# Color scale in range

I need to select a color given a position within a range.

Using the "bwr" colormap shown below, I want to return a blue color for a value at the beginning of the range, a red color for a value at the end of the range, and a suitable interpolated value for values in between.

The lower and upper ends of the range can be anything. From negative to positive numbers, for example [-0.5,0.5] or [0,1] or [-0.2 to 0.6].

Here is my code:

#include <opencv2/core/core.hpp>

cv::Scalar get_colour(double v, double vmin, double vmax)
{
double r, g, b = 0;
double dv;

if (v < vmin)
v = vmin;
if (v > vmax)
v = vmax;
dv = vmax - vmin;

if (v < (vmin + 0.5 * dv)) {
r = 2 * (v - vmin) / dv;
g = 2 * (v - vmin) / dv;
b = 1;
}
else if (v >= (vmin + 0.5 * dv)) {
b = 1 + 2 * (vmin + 0.5 * dv - v) / dv;
g = 1 + 2 * (vmin + 0.5 * dv - v) / dv;
r = 1;
}

return cv::Scalar(b * 255, g * 255, r * 255);
}


Can you check if this function always work good, no matter what range and value I choose, and what can I write better?

• You'll receive better reviews the more complete the code you show. For example, I recommend that you show the necessary #include lines, and a main() that shows how to call your function. It's not mandatory, but it really helps! – Toby Speight Jul 7 '17 at 8:11
• I've re-written your description to more fluent English - please check that I haven't misunderstood anything you wrote, and fix it if I have. I hope I've helped! – Toby Speight Jul 7 '17 at 8:18

The logic is mostly clear, but it's not obvious exactly how to change to one of the other scales. There's also a case where calling the function wrongly (with vmin==vmax), you'll divide by zero. Although that's a bug in the calling code, it may be preferable to take a defensive line on this, and just return the middle value.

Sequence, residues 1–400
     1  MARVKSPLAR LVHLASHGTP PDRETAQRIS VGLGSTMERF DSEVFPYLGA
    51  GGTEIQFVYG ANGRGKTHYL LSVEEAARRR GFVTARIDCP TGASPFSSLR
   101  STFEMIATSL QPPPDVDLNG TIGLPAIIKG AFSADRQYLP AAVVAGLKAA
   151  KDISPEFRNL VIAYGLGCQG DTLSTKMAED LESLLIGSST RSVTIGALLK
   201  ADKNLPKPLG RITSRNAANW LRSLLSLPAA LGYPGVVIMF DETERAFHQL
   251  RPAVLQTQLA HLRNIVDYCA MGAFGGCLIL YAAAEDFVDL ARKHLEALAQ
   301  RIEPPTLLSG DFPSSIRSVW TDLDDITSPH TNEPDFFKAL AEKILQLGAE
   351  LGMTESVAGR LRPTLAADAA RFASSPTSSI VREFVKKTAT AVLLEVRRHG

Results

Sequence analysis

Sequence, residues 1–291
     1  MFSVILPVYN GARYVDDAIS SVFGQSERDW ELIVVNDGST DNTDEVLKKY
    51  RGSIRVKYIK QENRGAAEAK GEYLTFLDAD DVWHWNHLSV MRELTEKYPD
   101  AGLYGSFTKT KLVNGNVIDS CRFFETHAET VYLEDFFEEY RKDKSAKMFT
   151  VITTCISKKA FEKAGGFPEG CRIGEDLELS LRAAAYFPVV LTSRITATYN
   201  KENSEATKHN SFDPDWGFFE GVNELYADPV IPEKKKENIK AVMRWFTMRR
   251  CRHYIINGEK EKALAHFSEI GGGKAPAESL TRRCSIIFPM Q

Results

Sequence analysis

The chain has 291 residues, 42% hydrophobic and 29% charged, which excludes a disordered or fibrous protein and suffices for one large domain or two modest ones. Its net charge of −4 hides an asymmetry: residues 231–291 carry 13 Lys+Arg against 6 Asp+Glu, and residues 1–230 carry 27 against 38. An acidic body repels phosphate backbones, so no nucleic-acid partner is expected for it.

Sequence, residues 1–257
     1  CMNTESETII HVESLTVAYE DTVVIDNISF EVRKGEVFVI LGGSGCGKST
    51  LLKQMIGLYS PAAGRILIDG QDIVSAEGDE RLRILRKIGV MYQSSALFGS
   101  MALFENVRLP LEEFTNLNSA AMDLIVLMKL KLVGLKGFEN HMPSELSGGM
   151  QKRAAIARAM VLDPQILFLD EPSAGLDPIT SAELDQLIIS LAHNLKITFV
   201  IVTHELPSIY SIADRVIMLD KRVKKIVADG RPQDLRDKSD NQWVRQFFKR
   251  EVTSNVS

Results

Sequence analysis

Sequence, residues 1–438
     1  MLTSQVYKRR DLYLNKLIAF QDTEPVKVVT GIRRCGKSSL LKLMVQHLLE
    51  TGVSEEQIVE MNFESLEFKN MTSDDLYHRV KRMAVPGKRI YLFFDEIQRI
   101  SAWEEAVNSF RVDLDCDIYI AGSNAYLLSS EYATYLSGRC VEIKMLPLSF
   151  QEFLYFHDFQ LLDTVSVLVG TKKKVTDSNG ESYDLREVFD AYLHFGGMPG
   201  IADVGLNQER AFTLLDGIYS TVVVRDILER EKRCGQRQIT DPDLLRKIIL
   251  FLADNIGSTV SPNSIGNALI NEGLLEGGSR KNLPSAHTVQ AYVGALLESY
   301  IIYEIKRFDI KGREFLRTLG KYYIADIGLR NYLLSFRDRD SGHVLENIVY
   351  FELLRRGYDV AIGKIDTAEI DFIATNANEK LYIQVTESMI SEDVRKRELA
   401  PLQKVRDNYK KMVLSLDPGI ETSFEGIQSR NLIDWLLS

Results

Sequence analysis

I'd be inclined to split this into two three parts:

1. scale the input value to the range [0,1]
2. split into one of the sub-ranges [0,0.5) or [0.5,1]
3. interpolate linearly between the two colours

I'll start with the last of those. Assuming that the input is between 0 and 1, we can interpolate quite easily:

cv::Scalar get_colour(double alpha, const cv::Scalar& c0, const cv::Scalar& c1)
{
return (1-alpha) * c0  +  alpha * c1;
}


How do we get that value between 0 and 1? Steps 1 and 2 look like

cv::Scalar get_colour(double v, double vmin, double vmax)
{
// clamp value within range
v = v <= vmin ? vmin
: v >= vmax ? vmax
: v;

const double alpha = (vmax <= vmin)
? 0.5                   // avoid divide by zero
: (v - vmin) / (vmax - vmin);

static const cv::Scalar blue{ 255, 0, 0 };
static const cv::Scalar white{ 255, 255, 255 };
static const cv::Scalar red{ 0, 0, 255 };

if (alpha < 0.5) {
return get_colour(alpha * 2, blue, white);
} else {
return get_colour(alpha * 2 - 1, white, red);
}
}


Here, we have used constants for the colours in both parts of the gradient, meaning that if we want to change to different colours, there's only one place that needs changing.

I hope it's apparent with this change that we could make the interpolation into an object, with the range and colours being member data. Depending on your application, that may be easier to work with than free functions with lots of parameters.